The House Judiciary Subcommittee on Crime last week held a hearing to explore the issue of the District of Columbia’s high crime rate, and what can be done to dramatically reduce it.

As a former assistant U.S. attorney for the District of Columbia, but also one who worked in several other district attorney’s offices around the country, I was asked to testify.

I noted the five factors driving the crime explosion in the city. The No. 1 problem is the use of guns by felons.

At the hearing, ranking member Rep. Sheila Jackson Lee, D-Texas, said that we need to get “to the core of the violence in the city.” To her credit, she also said that we need to “get violent criminals off the street.”

No kidding. Tell that to the current U.S. attorney for the District of Columbia, Matthew Graves.

The quickest way to tackle the illegal gun crime problem in Washington, D.C., is for Graves to prosecute every single felon in possession of a firearm in federal district court under 18 U.S.C. §922(g), under which most, if not all, felons would get prison time.

According to the U.S. Sentencing Commission, of the 64,142 cases prosecuted under 18 U.S.C. § 922(g) in fiscal 2022, 97.4% were sentenced to federal prison. The average sentence for all Section 922(g) offenders was 63 months, just over five years. The length of sentence depends in large part on the criminal history category of the defendant. Some 15% of Section 922(g) offenders were convicted of one or more statutes with a mandatory minimum penalty.

I noted during my statement to the committee that if Graves prosecuted career felons in possession of a firearm in federal district court, they would get a mandatory minimum sentence of at least five years, knowing from experience the standard type of criminal history D.C. career felons have that would expose them to long prison sentences.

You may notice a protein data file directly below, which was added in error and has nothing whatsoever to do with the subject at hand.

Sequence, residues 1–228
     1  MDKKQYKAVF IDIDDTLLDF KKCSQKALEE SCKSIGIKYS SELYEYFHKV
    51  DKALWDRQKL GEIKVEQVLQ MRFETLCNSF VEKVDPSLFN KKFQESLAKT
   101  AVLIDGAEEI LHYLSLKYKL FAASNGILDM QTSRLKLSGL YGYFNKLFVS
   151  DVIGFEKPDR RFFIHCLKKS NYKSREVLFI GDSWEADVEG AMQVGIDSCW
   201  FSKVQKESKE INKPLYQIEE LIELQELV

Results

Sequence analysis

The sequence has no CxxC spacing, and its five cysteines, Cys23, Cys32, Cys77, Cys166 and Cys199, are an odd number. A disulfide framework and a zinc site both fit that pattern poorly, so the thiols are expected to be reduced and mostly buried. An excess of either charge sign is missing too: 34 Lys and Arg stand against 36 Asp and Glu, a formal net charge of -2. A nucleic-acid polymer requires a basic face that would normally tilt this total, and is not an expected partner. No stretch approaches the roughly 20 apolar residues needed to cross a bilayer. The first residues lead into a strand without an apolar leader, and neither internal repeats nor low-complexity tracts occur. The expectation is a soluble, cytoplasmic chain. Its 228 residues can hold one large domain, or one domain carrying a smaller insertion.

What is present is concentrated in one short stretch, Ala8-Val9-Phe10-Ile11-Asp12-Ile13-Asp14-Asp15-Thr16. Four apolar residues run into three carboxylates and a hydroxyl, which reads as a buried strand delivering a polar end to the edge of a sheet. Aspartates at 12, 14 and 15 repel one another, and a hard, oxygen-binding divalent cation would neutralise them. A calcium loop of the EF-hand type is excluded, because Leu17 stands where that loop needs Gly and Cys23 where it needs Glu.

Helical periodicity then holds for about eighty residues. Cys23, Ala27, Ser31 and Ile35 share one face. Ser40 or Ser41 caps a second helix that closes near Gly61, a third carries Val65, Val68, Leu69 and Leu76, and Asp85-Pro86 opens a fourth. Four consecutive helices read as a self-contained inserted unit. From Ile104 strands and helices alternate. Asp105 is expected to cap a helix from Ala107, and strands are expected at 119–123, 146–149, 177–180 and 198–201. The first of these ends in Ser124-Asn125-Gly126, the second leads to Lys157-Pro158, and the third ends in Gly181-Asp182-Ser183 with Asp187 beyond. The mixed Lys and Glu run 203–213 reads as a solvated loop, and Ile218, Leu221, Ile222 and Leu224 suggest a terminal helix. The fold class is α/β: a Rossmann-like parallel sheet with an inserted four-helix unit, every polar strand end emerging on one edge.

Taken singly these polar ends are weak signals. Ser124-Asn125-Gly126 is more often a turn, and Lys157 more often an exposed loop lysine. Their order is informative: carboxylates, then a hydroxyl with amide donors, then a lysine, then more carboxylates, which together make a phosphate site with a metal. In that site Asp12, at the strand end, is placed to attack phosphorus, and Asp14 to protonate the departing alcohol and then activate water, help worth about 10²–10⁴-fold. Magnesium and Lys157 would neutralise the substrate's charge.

Jackson Lee felt the need to “correct the record” by stating that I was wrong in that there is no “mandatory minimum for federal gun possession.” But that’s not what I said.

I focused on felons in possession, not mere gun possession by non-felons.  I stated that “use of guns by career felons is a huge problem in the city.”

“Career felons” are, by definition, criminals who have amassed a long criminal record, including a record of violent crimes. That’s a fact in the District of Columbia. I know from experience that there are a lot of career criminals in the District. They rack up tons of criminal history points that, when prosecuted and convicted in federal district court, amount to high criminal history categories, which in turn result in lengthy sentences.

Clearly, Jackson Lee and her staff seemed not to know this.  

Instead of prosecuting career criminals caught with a firearm in federal district court, where the vast majority would end up in prison upon conviction, Graves sends those cases to D.C. Superior Court, knowing full well that most of those career felons won’t go to prison. 

As D.C. Police Union Chairman Gregg Pemberton testified, last year members of the D.C. Metropolitan Police Department arrested approximately 3,100 people in possession of illegal firearms.  No doubt, many of those were felons.  He stated that judges are not imposing lengthy prison sentences for those convicted of illegal possession of a firearm, noting that the “average sentence that judges are handing out right now for that is six months of supervised probation, which is zero jail time.  That is the going rate.”  

The maximum punishment under the D.C. Code is five years.  Pemberton noted, without a hint of irony, that “it doesn’t seem like the city takes gun crimes seriously as they suggest, given the fact that the courts are not penalizing people who are found convicted of those crimes.”

Every stakeholder in the D.C. criminal justice system knows these facts. You can’t blame members of Congress who are unaware of these underlying factors and how they contribute to the culture of lawlessness in the city.

Graves could order his prosecutors to prosecute every single felon in possession of a firearm in federal court starting today. What’s taking him so long?  He should take Jackson Lee’s advice and “take violent criminals off the street,” starting with felons in possession of firearms. 

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